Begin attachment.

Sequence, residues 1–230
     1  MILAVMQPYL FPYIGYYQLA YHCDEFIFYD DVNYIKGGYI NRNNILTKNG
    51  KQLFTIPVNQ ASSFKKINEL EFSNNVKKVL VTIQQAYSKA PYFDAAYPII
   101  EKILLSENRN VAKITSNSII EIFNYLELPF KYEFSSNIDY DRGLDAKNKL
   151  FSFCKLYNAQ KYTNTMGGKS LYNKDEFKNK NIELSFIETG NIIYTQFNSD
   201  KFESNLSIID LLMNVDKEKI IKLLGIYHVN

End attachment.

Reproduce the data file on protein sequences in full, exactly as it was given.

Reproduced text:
Sequence, residues 1–230
     1  MILAVMQPYL FPYIGYYQLA YHCDEFIFYD DVNYIKGGYI NRNNILTKNG
    51  KQLFTIPVNQ ASSFKKINEL EFSNNVKKVL VTIQQAYSKA PYFDAAYPII
   101  EKILLSENRN VAKITSNSII EIFNYLELPF KYEFSSNIDY DRGLDAKNKL
   151  FSFCKLYNAQ KYTNTMGGKS LYNKDEFKNK NIELSFIETG NIIYTQFNSD
   201  KFESNLSIID LLMNVDKEKI IKLLGIYHVN